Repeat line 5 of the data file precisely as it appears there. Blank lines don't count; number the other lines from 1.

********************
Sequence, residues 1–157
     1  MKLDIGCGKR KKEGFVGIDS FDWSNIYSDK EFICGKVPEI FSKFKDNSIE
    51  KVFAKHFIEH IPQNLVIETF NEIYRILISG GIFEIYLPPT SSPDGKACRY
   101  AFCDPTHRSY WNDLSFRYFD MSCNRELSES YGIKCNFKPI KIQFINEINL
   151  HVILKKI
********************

   151  HVILKKI